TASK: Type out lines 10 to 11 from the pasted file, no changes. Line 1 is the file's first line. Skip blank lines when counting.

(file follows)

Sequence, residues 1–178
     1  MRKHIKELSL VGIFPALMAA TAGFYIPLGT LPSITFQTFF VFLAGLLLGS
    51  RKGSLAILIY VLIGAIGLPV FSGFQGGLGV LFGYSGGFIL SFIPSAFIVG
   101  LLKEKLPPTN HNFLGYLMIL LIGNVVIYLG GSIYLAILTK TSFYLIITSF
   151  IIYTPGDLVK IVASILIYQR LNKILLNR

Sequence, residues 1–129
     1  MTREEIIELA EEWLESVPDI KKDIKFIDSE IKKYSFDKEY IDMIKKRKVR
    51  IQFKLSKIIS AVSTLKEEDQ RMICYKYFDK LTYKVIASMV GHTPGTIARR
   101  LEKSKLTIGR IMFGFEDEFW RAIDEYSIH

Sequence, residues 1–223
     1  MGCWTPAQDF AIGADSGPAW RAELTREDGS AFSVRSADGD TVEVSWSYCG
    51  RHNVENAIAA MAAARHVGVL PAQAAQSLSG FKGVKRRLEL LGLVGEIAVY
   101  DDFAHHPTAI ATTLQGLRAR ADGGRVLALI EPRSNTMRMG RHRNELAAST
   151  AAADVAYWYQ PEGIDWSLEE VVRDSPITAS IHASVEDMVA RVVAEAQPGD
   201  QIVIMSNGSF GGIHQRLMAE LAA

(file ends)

Sequence, residues 1–223
     1  MGCWTPAQDF AIGADSGPAW RAELTREDGS AFSVRSADGD TVEVSWSYCG